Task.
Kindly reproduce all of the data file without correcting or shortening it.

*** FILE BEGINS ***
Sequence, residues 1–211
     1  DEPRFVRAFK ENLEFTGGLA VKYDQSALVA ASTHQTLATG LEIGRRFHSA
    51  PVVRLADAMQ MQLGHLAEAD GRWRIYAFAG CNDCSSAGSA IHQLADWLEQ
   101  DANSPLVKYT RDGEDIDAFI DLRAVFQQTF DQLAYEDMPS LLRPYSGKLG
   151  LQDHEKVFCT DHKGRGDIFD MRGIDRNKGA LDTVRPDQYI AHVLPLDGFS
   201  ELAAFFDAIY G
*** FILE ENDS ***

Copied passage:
Sequence, residues 1–211
     1  DEPRFVRAFK ENLEFTGGLA VKYDQSALVA ASTHQTLATG LEIGRRFHSA
    51  PVVRLADAMQ MQLGHLAEAD GRWRIYAFAG CNDCSSAGSA IHQLADWLEQ
   101  DANSPLVKYT RDGEDIDAFI DLRAVFQQTF DQLAYEDMPS LLRPYSGKLG
   151  LQDHEKVFCT DHKGRGDIFD MRGIDRNKGA LDTVRPDQYI AHVLPLDGFS
   201  ELAAFFDAIY G